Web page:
The Curious Case of Isaac Fleming

It hasn’t been a perfect coupling since the start, but the relationship between Hawaii basketball and sophomore guard Isaac Fleming came to an abrupt conclusion Monday when he asked for and received his release from the program, effective immediately.

From the outside it certainly seems like strange timing. The Rainbow Warriors are in the final stretch of one of their best seasons ever, earning Big West regular season championship honors and eyeing a chance to gain an NCAA Tournament bid. Only six weeks ago, it seemed that Fleming was a major ingredient to that success when he earned Big West Player of the Week honors. Now he’s searching for a new school.

But the writing seems to have been on the wall. Though it would fade occasionally, as it did during that pair of games in January and while he was playing about 25 minutes a night off the bench, it would sometimes reappear with an on-court outburst or a run-in with either Benjy Taylor or Eran Ganot. The most recent seems to have been the final straw when Fleming had an apparently unsatisfying discussion with Ganot on the bench during the team’s home win over CSUN on Senior Night.

I’m not a body language expert, but Fleming was unhappy and trying to get Ganot’s attention, who was instead focused on the on-court action as the ‘Bows tried to hold off the Matadors. The guard wandered down the tunnel for a bit, reemerged and took a spot at the end of the bench. The coaching staff seemed to not want to give him the attention he desired in that moment.

Fleming played just five minutes that night and has had his spot in the rotation taken over by Sheriff Drammeh and some additional minutes for Sai Tummala, each of whom have earned that bump. He wasn’t happy with his diminishing presence, but to be fair to Ganot, much of Fleming’s recent play hadn’t warranted much run.

The team was playing well with everyone having more clearly defined roles and Fleming has always been a bit more of a wild card. He has come into games and made a few quick turnovers or taken a few questionable shots, though he has also come in and sparked the team on both ends with nifty passes and steals. That ability is there, but Ganot seems to like the more consistent and predictable nature of how his team plays without him.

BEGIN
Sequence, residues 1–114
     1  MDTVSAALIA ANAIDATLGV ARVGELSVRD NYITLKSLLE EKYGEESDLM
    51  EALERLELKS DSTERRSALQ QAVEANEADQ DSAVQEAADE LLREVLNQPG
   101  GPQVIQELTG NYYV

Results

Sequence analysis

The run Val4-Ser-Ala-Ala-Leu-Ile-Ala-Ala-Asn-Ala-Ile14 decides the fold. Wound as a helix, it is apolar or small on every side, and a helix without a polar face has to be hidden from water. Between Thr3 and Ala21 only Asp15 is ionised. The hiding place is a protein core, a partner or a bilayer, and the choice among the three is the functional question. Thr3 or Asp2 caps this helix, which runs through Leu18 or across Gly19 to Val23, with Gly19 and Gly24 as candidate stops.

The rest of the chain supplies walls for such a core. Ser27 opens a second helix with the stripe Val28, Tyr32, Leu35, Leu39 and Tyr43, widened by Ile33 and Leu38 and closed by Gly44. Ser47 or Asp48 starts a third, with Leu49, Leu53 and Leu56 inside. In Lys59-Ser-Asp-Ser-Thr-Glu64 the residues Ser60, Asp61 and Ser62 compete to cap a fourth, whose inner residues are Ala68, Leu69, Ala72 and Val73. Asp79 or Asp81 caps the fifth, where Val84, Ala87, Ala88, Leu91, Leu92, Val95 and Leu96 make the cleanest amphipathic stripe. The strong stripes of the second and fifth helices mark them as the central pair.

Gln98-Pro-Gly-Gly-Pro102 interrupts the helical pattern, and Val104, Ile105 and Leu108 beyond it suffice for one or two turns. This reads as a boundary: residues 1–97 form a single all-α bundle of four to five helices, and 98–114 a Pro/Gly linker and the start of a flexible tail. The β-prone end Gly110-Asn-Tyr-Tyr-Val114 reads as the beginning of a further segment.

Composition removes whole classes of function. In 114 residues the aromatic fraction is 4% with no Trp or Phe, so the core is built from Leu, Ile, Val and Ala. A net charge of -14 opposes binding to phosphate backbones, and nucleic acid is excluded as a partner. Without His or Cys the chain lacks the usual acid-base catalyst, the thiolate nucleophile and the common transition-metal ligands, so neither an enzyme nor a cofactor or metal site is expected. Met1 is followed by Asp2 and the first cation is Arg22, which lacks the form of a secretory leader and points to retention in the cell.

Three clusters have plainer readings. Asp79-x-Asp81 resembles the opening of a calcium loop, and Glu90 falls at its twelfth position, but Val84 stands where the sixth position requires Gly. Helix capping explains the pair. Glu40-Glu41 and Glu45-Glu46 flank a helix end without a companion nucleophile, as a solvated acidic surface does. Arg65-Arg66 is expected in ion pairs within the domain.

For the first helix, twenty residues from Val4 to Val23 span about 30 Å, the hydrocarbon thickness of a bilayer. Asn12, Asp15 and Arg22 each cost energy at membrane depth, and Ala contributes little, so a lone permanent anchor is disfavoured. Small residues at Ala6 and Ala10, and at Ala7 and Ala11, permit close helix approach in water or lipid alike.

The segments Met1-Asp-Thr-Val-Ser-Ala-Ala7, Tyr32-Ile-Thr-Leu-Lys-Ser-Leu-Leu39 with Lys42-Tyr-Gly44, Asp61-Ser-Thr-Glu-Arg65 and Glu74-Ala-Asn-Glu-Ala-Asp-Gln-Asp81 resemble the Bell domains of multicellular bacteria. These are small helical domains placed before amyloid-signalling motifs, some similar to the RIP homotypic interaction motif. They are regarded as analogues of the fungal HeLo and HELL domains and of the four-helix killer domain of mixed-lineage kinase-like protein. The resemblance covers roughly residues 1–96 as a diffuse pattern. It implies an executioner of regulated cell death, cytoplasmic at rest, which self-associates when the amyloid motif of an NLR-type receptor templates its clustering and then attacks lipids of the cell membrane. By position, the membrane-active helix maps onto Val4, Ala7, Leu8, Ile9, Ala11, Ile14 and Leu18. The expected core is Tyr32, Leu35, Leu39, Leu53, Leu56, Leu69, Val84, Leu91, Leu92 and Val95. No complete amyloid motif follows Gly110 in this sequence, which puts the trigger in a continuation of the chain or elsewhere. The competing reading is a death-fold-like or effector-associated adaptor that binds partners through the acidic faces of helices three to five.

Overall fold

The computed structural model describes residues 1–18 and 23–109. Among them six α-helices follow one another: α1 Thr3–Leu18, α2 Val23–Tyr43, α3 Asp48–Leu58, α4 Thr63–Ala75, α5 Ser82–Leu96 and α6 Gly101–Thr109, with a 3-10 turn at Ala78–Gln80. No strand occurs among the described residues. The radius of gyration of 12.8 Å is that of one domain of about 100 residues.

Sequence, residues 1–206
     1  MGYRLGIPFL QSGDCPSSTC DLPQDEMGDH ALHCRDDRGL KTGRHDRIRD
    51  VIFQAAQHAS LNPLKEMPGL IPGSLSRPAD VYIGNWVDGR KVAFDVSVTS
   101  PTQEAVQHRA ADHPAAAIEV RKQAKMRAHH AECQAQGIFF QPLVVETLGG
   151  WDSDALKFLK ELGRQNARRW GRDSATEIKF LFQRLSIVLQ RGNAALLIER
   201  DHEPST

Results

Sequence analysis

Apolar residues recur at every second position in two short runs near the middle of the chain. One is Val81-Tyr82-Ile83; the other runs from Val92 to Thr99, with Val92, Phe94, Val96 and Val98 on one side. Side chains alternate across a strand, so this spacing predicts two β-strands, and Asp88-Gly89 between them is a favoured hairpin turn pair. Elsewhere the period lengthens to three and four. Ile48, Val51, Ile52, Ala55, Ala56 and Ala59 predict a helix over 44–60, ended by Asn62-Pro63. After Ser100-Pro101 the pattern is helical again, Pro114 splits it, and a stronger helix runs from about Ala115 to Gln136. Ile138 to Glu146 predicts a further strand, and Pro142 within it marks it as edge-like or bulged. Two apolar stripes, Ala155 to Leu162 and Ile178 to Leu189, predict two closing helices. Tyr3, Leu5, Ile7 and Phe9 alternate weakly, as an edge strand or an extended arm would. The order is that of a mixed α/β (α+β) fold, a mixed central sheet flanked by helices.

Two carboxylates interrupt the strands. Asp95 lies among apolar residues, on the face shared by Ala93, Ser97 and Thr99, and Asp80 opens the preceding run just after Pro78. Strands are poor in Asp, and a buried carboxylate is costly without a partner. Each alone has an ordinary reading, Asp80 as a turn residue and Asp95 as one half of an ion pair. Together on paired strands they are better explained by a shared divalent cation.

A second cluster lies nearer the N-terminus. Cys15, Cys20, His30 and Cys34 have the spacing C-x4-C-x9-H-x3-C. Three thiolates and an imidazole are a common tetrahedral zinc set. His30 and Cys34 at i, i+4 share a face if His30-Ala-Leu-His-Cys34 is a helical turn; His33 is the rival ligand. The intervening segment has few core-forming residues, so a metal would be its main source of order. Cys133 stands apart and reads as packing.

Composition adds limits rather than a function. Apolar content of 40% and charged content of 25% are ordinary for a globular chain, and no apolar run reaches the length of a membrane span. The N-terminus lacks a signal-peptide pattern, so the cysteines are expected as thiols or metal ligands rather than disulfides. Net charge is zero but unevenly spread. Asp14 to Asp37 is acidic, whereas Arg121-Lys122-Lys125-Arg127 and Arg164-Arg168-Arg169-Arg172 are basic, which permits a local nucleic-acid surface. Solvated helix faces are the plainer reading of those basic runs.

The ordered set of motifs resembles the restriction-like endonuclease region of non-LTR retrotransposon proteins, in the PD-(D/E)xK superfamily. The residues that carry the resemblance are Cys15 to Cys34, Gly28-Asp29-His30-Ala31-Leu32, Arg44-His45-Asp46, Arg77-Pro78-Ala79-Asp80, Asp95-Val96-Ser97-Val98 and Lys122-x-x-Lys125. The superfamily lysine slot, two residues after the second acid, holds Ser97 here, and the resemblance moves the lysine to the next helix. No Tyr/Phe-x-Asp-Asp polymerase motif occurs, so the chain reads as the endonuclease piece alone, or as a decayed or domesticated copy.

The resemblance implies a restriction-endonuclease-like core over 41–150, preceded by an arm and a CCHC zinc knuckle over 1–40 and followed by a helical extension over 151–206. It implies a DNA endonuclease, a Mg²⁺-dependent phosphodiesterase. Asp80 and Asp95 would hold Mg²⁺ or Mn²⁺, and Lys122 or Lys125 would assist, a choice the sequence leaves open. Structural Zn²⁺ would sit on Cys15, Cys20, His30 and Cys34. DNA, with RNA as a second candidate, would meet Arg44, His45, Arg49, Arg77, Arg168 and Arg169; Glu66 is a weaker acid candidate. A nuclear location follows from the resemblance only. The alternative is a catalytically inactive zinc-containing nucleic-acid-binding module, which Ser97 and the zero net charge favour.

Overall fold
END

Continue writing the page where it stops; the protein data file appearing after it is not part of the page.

I can understand each perspective. Fleming feels he has been playing out of position, believing he is a point guard and not a two guard. I haven’t seen much to indicate that’s true, but he really hasn’t had the opportunity to run the team with Roderick Bobbitt at the point the past two seasons. He clearly feels he lost the support and confidence of his coaching staff, so even though Bobbitt is in his final season, Fleming didn’t relish the idea of coming back and competing for the job under Ganot.

But the first-year coach has to do what he feels is best for the team and not just appease one of his more petulant players. He did that and it’s difficult to argue with the results.

Losing Fleming for the final weeks of the year will add a bit more pressure on Bobbitt and Stefan Jankovic, who control much of the offensive flow. Not many of their teammates can create their own shot and Fleming was one who could, so they now have a tougher task.

But a disgruntled teammate is always more of a distraction than an absent one, so this move is probably in the best interests of everyone. Hawaii can thank Fleming for his efforts and look ahead to the upcoming Big West Tournament with complete focus.

This split seemed somewhat inevitable, though the timing was a head scratcher. Hopefully both parties can flourish separately even more so than they did together.

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David Simon can be reached at dsimon@thegardenisland.com.

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